We are currently doing a trial gluten-free diet for my son. He has no GI symptoms but his sister has been diagnosed and he is below the 5th percentile (and always has been). We set the length of the trial for 6 months. Granted, this was not a big step for us to take since his sister was already gluten-free. However, the first time around with my daughter, it really didn't take that long to make the adjustments (although we only went gluten-free and not cf, too)

Just make sure that you do your trials independent of each other so that you have a clear-cut result of what helped/fixed the problems.

Also, since you are doing this on your own, keep a journal with height, weight, typical diet, bowel movements (number of and consistency of), etc. It will just help to have it documented if later down the road you end up at the doctor's office and you have proof of how diet or probiotics helped. My daughter's GI (and now my son's) is open to diagnosis through positive results from a gluten free diet - so those doctor's DO exist.

Keep listening to your mother's intuition. Good Luck.

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Ridgewalker and Darn210 thanks for your insights. It seemed so much easier to think of gluten free when we were looking at an actual diagnosis of celiac. Especially since now that we are casein free she is starting to question why she can't have some of her favorite foods. She didn't mind not having the straight dairy/cheese but the casein seems to have hit her harder.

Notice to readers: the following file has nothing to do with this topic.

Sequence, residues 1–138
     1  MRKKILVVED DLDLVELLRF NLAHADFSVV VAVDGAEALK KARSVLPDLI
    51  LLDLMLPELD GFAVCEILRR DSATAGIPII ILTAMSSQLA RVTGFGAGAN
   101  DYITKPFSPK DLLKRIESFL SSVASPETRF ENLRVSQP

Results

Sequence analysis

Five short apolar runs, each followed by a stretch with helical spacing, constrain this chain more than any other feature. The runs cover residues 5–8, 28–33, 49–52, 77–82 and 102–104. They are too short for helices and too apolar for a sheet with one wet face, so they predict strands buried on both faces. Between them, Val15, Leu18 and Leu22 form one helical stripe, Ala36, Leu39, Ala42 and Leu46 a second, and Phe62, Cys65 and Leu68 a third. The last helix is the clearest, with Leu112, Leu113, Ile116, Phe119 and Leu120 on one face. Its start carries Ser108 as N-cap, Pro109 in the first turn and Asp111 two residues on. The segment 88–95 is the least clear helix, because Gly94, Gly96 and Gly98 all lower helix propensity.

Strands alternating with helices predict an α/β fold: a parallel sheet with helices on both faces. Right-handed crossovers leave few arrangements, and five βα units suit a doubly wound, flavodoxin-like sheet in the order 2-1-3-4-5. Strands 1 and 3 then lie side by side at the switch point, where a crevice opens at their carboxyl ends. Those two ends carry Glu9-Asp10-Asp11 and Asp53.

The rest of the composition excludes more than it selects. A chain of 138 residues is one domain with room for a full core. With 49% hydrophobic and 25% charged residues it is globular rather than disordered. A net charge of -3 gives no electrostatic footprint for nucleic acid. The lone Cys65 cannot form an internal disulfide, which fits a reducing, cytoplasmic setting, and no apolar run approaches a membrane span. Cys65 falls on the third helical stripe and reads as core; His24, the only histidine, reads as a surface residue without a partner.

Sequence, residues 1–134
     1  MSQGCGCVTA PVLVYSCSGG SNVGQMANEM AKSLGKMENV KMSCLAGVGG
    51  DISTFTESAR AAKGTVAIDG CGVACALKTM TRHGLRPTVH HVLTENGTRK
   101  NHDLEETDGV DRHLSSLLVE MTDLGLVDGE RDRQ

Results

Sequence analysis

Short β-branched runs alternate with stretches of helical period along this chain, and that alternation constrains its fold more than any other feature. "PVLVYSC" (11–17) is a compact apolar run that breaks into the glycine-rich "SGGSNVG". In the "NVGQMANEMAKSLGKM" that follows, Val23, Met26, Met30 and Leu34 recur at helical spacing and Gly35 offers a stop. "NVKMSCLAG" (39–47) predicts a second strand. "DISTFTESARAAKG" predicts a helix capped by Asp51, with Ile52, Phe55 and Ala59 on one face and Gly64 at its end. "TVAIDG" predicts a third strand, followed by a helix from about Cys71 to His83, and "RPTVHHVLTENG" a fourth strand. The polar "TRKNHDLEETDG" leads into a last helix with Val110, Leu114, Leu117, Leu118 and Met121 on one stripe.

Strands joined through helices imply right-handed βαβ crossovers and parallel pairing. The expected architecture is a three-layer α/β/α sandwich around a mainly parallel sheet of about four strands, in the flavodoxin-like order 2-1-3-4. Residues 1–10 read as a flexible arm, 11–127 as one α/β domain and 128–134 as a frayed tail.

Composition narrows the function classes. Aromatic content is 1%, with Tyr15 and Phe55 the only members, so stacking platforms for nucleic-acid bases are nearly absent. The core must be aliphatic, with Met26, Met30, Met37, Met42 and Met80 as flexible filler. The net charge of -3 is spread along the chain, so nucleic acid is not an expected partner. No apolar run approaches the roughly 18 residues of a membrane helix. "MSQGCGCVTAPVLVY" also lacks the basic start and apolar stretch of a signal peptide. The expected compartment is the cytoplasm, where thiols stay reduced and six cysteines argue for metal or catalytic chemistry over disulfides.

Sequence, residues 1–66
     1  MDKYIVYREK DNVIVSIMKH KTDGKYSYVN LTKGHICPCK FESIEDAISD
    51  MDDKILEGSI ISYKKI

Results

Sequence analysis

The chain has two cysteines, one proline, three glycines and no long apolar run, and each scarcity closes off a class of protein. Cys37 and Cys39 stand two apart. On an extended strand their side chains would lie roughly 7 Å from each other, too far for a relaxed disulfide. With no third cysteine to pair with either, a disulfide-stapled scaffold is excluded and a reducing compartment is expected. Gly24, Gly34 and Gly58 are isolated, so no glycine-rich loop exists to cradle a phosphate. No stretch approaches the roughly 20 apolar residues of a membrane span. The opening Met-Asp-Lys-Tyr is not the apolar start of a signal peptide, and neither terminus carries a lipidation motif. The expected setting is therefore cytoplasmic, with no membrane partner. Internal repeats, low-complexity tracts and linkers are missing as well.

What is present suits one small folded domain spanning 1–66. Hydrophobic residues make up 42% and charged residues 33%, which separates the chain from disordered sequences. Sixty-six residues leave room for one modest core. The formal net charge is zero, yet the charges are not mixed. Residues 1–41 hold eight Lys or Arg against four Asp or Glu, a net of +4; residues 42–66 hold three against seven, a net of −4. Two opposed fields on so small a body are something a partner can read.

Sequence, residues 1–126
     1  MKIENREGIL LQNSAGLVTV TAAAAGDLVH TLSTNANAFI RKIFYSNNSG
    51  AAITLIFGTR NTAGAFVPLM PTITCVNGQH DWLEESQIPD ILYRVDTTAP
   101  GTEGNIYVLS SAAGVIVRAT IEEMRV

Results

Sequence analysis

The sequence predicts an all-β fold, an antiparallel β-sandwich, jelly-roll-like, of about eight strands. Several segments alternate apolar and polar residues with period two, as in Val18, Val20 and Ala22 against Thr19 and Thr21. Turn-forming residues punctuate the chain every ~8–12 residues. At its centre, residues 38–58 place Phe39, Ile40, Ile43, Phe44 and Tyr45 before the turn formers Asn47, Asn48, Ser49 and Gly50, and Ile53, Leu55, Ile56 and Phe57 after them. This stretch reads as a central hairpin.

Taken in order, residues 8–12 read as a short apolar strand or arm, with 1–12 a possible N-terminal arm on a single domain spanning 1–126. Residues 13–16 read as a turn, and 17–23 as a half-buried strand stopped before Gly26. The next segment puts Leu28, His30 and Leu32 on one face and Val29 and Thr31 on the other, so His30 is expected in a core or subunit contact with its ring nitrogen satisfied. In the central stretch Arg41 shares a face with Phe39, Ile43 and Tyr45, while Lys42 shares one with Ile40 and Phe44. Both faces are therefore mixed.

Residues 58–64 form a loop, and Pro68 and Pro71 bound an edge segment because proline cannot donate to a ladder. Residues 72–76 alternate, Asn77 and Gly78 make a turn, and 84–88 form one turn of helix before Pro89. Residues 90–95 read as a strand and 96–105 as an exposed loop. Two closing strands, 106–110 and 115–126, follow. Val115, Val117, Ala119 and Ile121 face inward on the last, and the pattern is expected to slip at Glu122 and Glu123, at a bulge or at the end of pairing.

I've been keeping track of her BM's for the last 8 weeks or so. I even took some pictures (gross!) so that if I missed one she could tell me which picture that it looks more like. How long does casein take to get out of her system? We've had just a couple of slip-ups when I missed it in a cookie and in the regular smart balance butter.

When you do a food diary are you writing down absolutely everything?

For the next step I'm thinking of doing the probiotics to start with while we continue with casein free and continuing to document her BM's. How long to know whether that is working?

I know a lot of people on these boards have seemed to have gone gluten free "on their own". My worry is that as she gets older she is going to question why she has to do this. Right now she already tells me that she "feels fine and she doesn't want to see any more doctors!" (Amen to no more doctors!!). However, I don't think she knows any different, really! She has had belly problems since she was born, worse at some times than at others. We will do what is necessary to help her but it sure sounds tempting to do the Enterolab route where there is a piece of paper that gives evidence.

Has anyone had luck with enterolab after doing gluten free for a while? Try gluten free to see if we see a change/difference. Then if it seems that we do see a difference to get back up confirmation with the lab?

Thanks for answering some more questions. Do you ever feel like the lone fish swimming upstream?

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Another down side to doing nothing is that she may end up with long term health issues from gluten sensitivity or leaky gut. One of the things that motivated me was searching this site and reading the stories of adults who had vague symptoms as children that weren't attended to (because no one knew better then), and hearing all the health issues they have now as adults.